Wednesday, 28 May 2008

Transport - Comments

Comments on Transport Issues

"In November 2006, OCC carried out a survey of all lorry traffic, including traffic associated with Watkins Farm, travelling north and south on the B4449 through the village of Sutton to the north of Stanton Harcourt. This route avoids the A415, is a shortcut to the A40, and is disallowed in the routeing agreement for Watkins Farm. The results of this survey demonstrate that this routeing agreement - the very agreement which the applicant (Hanson Agreegates) proposes should be continued for Stonehenge Farm traffic - is failing for about 45% of the time. In one day, out of 80 lorry movements in and out of Watkins Farm, 35 followed the route north or south through Sutton." (Source: Response by Outrage dated 25th March 2008 to the revised application to extract Sand and Gravel at Stonehenge Farm, Northmoor)

"When in the Planning Application it says that there will be an average of 40 lorry movements per day, does that mean 20 lorries going in and coming out each day? Or does it mean 40 lorries coming to collect gravel each day and going out again? And is the average calculated over five days or seven?"
Sent in by Michael from Northmoor on 29th May

"Hanson's application specifies 20 lorry movements in and 20 out, this
rising at busy times to 25 in and out." Sent in by Julie Hankey, Outrage

"Impact on rural villages
Villages in West Oxfordshire already affected by the impact of gravel extraction and some small industrial sites. I am concerned that further industrialisation will put the villages at risk of becoming polluted, dangerous, and throughways for trucking. Many of the villages are of historic importance and further gravel extraction will in my view put this at risk. Villagers will not want to live there, the exterior of houses (many of historic importance) will get dirty very quickly and require additional maintenance, house prices will fall, and the villages will deteriorate.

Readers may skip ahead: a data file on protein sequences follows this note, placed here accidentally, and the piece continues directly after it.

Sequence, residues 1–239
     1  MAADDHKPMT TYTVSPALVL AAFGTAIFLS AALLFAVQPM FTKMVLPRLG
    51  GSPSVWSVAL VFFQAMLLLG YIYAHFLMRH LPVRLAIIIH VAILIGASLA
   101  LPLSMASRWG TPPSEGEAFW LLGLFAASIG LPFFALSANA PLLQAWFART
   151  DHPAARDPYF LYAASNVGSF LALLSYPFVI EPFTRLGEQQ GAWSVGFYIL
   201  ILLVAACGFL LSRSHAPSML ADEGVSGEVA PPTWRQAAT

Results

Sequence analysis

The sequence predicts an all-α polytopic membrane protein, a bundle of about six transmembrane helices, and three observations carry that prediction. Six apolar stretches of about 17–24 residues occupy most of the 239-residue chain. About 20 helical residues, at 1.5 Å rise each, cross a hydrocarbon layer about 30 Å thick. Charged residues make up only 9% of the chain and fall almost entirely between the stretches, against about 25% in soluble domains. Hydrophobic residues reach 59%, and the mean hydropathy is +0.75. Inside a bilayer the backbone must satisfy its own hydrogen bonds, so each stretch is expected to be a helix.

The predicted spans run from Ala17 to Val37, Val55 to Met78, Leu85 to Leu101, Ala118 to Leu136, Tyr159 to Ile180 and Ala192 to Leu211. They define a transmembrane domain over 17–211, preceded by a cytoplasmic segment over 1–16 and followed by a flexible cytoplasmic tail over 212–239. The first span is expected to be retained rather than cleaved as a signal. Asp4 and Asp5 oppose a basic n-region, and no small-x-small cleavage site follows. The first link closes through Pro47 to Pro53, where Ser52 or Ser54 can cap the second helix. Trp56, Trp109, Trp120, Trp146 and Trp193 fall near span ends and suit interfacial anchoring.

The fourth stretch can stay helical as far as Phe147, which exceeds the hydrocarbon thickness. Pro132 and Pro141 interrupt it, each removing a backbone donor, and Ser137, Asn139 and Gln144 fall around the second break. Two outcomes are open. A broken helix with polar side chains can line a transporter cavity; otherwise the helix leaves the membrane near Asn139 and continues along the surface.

Danger and pollution to villagers
In addition, the villages will become further polluted by trucks, which in my view appear to be dirtier than a standard HGVs for moving consumer products. Very recently at 6am in the morning, I saw a gravel truck parked in a very small layby (designed for resident parking), outside houses in Sutton. While I am sure trucks will stay within a 30 mile an hour speed limit in built up areas, the impact of a collision with a truck, even at this speed will be far more severe than with a standard size car.

The local road networks are not designed for constant use by HGVs
The small rural roads through the villages are not designed for heavy use by large trucks. They are designed for light use, predominantly by standard cars, and limited access by HGVs. They are often quite narrow with sharp bends - I frequently see trucks struggling to get round bends and using both sides of the road. Villagers, through Council tax are faced with the higher bills to maintain these roads.

Many years ago, it was decided not to widen the single lane parts of the A40 to dual carraigeway, in part to limit the potential for industrialisation of the area. the A40 is extremely busy into Oxford, and is not designed to take the volume of HGVs that it does at the moment."
Sent in by a resident of Stanton Harcourt on 28th May

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